Tim Brennan has argued that “a focus on intent is largely irrelevant, likely to reduce competition, and unduly raises the bar for bringing cases that would benefit the Canadian public” though of course intent may be relevant to determining whether the effects are anti-competitive.13

The Competition Bureau has recommended revising the legal test for abuse of a dominant position to move from a three-part test (i.e., dominance, anti-competitive intent, anti-competitive effects) to a two-part test where the Commissioner could obtain an order by establishing that: (i) a firm is dominant; and (ii) the firm engaged in a practice with either anti-competitive intent or effect.14
The majority of the Council does not support the Bureau’s either-or approach, given concerns around the de-emphasis of effects. The Competition Bureau itself recognizes in its Abuse of Dominance Enforcement Guidelines that “it is often challenging to distinguish anti-competitive conduct from aggressive competition on the merits, as in many cases the goal of aggressive competition is to marginalize rivals or eliminate them from a market.”15

The motion that expands the scope of Bill C-56 instructs the Standing Committee on Finance to consider “revis[ing] the legal test for abuse of a dominant position prohibition order to be sufficiently met if the Tribunal finds that a dominant player has engaged in either a practice of anti-competitive acts or conduct other than superior competitive performance that had, is having or is likely to have the effect of preventing or lessening competition substantially in a relevant market.”16
While the specific legislative language is yet to be tabled, members of the Council strongly encourages the Committee to retain the effects part of the test for reasons outlined above. Some members of the Council would support picking up on the Bureau’s proposal of burden-shifting, while retaining the effects part of the test.17

At a bird’s eye view, the majority of Council members believe that removal of the effects-based test signals to parties that our laws reflect a preference for over enforcement. Some may characterize this approach as having a deterrent effect on anti-competitive conduct; however Council members emphasize the dangers of over-inclusive enforcement which can limit pro-competitive conduct that is much needed to unlock benefits for Canadians and boost competition in the economy.

The Perils of Over-regulation

The perils of over-regulation are well known.18
According to the OECD, Canada’s regulatory environment is ranked among the least favourable to product market competition.19
Similarly, the OECD found Canada to be one of the most restrictive countries for Foreign Direct Investment (FDI) amongst OECD peers in the OECD Regulatory Restrictiveness FDI Index. The United States was found to be approximately half as restrictive as Canada.20
Canada’s position on the World Bank’s Ease of Doing Business ranking has fallen drastically, from fourth in the world in 2006 to 22nd in 2019. In May 2018, the Canadian Chamber of Commerce released a report that concluded, “Canada’s regulatory system is smothering business in Canada, thanks to a growing mix of complex, costly, and overlapping rules from all levels of government.21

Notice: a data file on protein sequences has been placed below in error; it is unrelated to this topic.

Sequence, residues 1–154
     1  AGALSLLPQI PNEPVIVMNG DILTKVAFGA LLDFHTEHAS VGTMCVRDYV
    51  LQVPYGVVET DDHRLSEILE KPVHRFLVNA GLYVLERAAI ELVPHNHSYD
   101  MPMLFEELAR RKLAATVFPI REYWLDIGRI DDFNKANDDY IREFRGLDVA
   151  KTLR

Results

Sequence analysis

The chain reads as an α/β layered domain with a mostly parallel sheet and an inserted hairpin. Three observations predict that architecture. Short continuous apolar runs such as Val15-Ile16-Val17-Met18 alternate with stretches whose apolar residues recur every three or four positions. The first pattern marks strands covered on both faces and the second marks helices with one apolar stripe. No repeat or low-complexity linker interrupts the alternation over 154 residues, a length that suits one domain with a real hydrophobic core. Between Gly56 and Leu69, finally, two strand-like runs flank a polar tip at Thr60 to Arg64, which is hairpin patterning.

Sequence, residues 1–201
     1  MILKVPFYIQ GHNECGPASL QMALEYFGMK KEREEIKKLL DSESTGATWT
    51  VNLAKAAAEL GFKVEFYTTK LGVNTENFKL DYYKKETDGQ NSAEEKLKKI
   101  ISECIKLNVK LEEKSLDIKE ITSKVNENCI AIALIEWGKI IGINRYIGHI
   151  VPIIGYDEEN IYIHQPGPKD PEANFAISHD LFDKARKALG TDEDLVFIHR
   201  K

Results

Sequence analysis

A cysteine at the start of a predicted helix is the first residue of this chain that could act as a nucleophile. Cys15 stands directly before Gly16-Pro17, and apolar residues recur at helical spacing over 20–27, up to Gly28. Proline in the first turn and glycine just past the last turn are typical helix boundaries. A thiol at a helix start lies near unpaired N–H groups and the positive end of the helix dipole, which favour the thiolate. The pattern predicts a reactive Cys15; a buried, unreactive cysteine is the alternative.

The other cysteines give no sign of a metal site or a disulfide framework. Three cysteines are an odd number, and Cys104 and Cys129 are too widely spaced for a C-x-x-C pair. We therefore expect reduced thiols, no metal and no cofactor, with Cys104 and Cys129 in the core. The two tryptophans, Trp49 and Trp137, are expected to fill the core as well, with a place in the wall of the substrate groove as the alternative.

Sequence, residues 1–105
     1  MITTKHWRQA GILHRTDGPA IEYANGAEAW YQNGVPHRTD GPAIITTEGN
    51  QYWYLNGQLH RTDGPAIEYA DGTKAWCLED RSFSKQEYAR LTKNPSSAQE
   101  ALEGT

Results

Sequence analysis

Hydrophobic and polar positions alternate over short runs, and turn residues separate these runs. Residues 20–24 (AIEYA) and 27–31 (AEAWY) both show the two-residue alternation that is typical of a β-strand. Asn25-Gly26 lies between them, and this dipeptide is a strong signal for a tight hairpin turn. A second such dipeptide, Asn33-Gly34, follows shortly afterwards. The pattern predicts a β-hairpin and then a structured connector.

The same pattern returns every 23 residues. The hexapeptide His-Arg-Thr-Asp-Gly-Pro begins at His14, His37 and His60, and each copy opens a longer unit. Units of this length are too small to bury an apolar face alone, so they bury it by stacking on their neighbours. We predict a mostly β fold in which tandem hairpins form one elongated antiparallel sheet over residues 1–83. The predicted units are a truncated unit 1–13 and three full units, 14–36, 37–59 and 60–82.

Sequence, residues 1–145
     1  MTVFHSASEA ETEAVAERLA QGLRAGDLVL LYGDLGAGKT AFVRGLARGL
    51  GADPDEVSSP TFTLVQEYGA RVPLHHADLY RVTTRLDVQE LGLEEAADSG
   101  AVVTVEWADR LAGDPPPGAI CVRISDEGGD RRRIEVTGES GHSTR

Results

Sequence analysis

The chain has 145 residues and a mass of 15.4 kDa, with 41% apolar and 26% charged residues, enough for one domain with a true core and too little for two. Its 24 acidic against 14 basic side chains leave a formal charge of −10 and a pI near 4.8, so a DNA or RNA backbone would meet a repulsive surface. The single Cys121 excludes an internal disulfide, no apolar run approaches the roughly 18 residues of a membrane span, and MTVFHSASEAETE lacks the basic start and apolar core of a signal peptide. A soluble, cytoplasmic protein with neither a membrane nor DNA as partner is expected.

Over-regulation stifles innovation. Canada is the only G7 country that “produces less innovation outputs relative to its level of innovation investments.”22

More Effective Enforcement of the Competition Act

The majority of Council members do not support an approach to competition law enforcement that is too permissive and risks permitting conduct that is harmful to competition and Canadian consumers. A message to the business community that anti-competitive conduct will not be tolerated in Canada can be delivered through enhanced and more effective enforcement of the current, effects-based tests for harm under the Competition Act, and further bolstered with the Bureau’s compliance initiatives as well as enhanced ability for private parties to bring their own enforcement actions.

Members observed that much has been done to strengthen enforcement by the Bureau. The Bureau has previously noted that “important amendments to the Competition Act became law on June 23, 2022, strengthening the Bureau’s ability to protect Canadian consumers, businesses and workers from anti-competitive conduct.”23
The Bureau has recently been given the budget24
and has the information gathering tools to do so. The Bureau continues to grow the “new Digital Enforcement and Intelligence Branch which aims to be an early warning system for potential competition issues at all stages, from providing early intelligence to monitoring remedies after investigations.”25

Conclusion

Preserving an effects-based legal test for an abuse of dominant position will give the Bureau what it needs to protect Canadians without deterring pro-competitive conduct and chilling innovation and investment in Canada. It will also provide firms with the requisite certainty that optimal enforcement decisions will be made as a result of a robust evaluation of the legal and factual issues that arise on a case-by-case basis, with a consistent application of the legal framework.

Members of the Council participate in their personal capacities, and the views collectively expressed do not represent those of any individual, institution or client.

  • George N. Addy, Chair Advacon Inc. Director of Investigation and Research, Competition Bureau, 1993-1996.
  • Melanie Aitken, Managing Principal, Washington, Bennett Jones LLP. Commissioner of Competition, Competition Bureau, 2009-2012.
  • *Marcel Boyer, Research Fellow, C.D. Howe Institute. Professor Emeritus of Industrial Economics, Université de Montréal, and Fellow of CIRANO.
  • Tim Brennan, International Fellow, C.D. Howe Institute. Professor Emeritus, University of Maryland Baltimore County. T.D. MacDonald Chair of Industrial Economics, Competition Bureau, 2006.
  • *Neil Campbell, Co-Chair, Competition and International Trade Law, McMillan LLP.
  • Erika M. Douglas, Assistant Professor of Law, Temple University, Beasley School of Law.
  • Renée Duplantis, Principal, The Brattle Group. T.D. MacDonald Chair of Industrial Economics, Competition Bureau, 2014.